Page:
Jobs for Maine’s Graduates is a proven model for college degree completion
AUGUSTA – A measure to increase Maine’s retention and degree attainment rate was unanimously supported by the state’s Education and Cultural Affairs Committee today.
The bill LD 215, “An Act To Improve Student Retention in Maine’s Postsecondary Institutions,” would improve student performance and reduce the amount of time to degree completion by expanding the Jobs for Maine’s Graduates’ (JMG) school-to-career transition model to postsecondary institutions.
“JMG is the right partner for Maine college and university campuses to help meet the needs of some of our highest risk students and help them increase their chance at success in college,” said State Senate Democratic Leader Justin Alfond of Portland, the bill’s sponsor.
Eligible students must have previously been enrolled in a JMG high school program, been in or currently in foster care, or older youth who have earned a high school equivalency diploma within the five years prior to obtaining these services.
The measure has received resounding support from higher education leaders, the Maine State Chamber, students, Governor LePage’s Commissioner of Education, and the Maine Development Fund.
During the public hearing, Nicole Padilla, a JMG Thomas College student from Milo said, “I am living proof that JMG really does believe in Maine students. At my lowest point, when I didn’t think I could afford to return to college, JMG was there to bring me back up, once more.”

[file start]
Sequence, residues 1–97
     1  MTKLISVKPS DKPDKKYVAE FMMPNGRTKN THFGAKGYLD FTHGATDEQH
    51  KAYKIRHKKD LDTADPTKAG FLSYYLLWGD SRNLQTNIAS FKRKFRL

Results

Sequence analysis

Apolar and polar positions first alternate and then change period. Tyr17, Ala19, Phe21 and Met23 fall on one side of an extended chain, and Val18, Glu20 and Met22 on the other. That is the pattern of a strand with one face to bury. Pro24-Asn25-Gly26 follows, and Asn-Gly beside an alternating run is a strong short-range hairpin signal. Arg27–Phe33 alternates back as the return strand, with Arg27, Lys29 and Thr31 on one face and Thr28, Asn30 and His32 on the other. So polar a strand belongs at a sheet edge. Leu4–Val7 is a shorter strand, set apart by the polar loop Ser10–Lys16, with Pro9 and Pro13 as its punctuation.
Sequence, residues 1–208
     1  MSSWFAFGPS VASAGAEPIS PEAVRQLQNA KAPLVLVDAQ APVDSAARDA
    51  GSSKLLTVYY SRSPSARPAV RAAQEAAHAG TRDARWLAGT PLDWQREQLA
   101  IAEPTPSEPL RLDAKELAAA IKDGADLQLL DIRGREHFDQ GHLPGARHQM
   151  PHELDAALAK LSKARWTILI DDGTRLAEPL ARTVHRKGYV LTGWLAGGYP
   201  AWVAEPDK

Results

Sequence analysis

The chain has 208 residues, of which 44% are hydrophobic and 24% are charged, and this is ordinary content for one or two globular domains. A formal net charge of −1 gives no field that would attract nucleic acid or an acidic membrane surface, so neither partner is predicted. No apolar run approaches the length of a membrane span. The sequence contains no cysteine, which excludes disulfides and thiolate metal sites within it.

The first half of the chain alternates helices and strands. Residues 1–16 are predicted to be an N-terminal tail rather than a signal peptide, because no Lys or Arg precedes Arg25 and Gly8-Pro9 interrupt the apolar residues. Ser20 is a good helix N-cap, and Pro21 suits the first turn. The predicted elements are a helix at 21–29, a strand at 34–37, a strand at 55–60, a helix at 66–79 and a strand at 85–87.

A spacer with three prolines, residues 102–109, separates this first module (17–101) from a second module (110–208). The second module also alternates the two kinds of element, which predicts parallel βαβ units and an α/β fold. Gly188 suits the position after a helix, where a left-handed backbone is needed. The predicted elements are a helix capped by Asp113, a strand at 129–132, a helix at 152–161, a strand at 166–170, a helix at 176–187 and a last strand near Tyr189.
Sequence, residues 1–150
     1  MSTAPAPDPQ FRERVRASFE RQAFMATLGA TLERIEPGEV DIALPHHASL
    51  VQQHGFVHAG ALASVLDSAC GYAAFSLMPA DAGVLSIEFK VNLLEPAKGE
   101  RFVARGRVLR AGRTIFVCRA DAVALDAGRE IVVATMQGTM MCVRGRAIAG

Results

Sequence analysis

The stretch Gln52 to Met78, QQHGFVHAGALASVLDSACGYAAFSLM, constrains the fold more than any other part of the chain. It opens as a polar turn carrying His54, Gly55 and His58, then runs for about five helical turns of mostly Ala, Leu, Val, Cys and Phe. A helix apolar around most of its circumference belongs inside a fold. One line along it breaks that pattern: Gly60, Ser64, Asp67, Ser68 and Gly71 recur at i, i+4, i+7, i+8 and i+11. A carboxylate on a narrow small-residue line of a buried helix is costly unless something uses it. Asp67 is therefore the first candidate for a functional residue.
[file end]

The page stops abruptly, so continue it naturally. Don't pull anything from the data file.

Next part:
Padilla also participated in JMG’s program at Penquis Valley High School. During her testimony she said, “When I thought of furthering my education at Thomas College, I was scared. I thought I’d have to face college alone. But when I was informed that Thomas had the first ever college JMG program, I was ecstatic.”
Beginning in the fall semester of 2014, Thomas College and JMG created a pilot program, funded by the Unity Foundation, to continue to provide the personal guidance and support offered by JMG at middle and high schools.
Senator Alfond added, “JMG students are a success story across Maine’s middle and high schools. And now, as Maine tackles this issue of degree completion, it only makes sense that we would build upon a proven model and existing relationships.”
The bill directs JMG’s to provide mentoring and counseling services, course guidance and graduation planning, peer support services and financial guidance to students and at Maine’s post-secondary institutions.
Student mentoring and counseling: A JMG Specialist will monitor student progress, including academic performance as well as connection to campus life.
Course guidance and development of a graduation plan: An individualized plan of action will be developed for each student, in consideration of academic needs, academic support, and self-assessment.
Peer-to-Peer Support: Staff will develop opportunities for peer-to-peer mentoring, including an alumni cohort approach as new youth are enrolled and leadership opportunities and connections to community resources
Financial guidance: Students will be provided with navigational support to ensure a financial plan that maximizes all financial aid available to a student, including problems solving with short-term coverage emergencies such as alternative transportation, changes in housing arrangements, unexpected books or additional supplies needed for a course.
The bill will now go to the Maine Senate for further consideration.